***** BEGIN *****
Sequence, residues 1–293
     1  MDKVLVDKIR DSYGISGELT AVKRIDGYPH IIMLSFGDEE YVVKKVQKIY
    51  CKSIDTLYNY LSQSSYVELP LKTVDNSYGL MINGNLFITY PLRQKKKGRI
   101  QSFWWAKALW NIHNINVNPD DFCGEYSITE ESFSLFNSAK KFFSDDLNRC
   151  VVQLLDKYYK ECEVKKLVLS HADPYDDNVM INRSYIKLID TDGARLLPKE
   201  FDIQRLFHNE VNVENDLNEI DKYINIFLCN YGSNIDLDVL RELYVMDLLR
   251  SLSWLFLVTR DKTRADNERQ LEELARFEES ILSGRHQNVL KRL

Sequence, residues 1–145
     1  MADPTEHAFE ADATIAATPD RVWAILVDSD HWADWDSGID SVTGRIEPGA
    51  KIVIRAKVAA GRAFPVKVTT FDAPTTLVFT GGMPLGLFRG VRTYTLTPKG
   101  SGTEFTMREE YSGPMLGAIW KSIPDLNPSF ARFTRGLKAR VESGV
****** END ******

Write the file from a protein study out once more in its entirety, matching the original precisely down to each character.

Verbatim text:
Sequence, residues 1–293
     1  MDKVLVDKIR DSYGISGELT AVKRIDGYPH IIMLSFGDEE YVVKKVQKIY
    51  CKSIDTLYNY LSQSSYVELP LKTVDNSYGL MINGNLFITY PLRQKKKGRI
   101  QSFWWAKALW NIHNINVNPD DFCGEYSITE ESFSLFNSAK KFFSDDLNRC
   151  VVQLLDKYYK ECEVKKLVLS HADPYDDNVM INRSYIKLID TDGARLLPKE
   201  FDIQRLFHNE VNVENDLNEI DKYINIFLCN YGSNIDLDVL RELYVMDLLR
   251  SLSWLFLVTR DKTRADNERQ LEELARFEES ILSGRHQNVL KRL

Sequence, residues 1–145
     1  MADPTEHAFE ADATIAATPD RVWAILVDSD HWADWDSGID SVTGRIEPGA
    51  KIVIRAKVAA GRAFPVKVTT FDAPTTLVFT GGMPLGLFRG VRTYTLTPKG
   101  SGTEFTMREE YSGPMLGAIW KSIPDLNPSF ARFTRGLKAR VESGV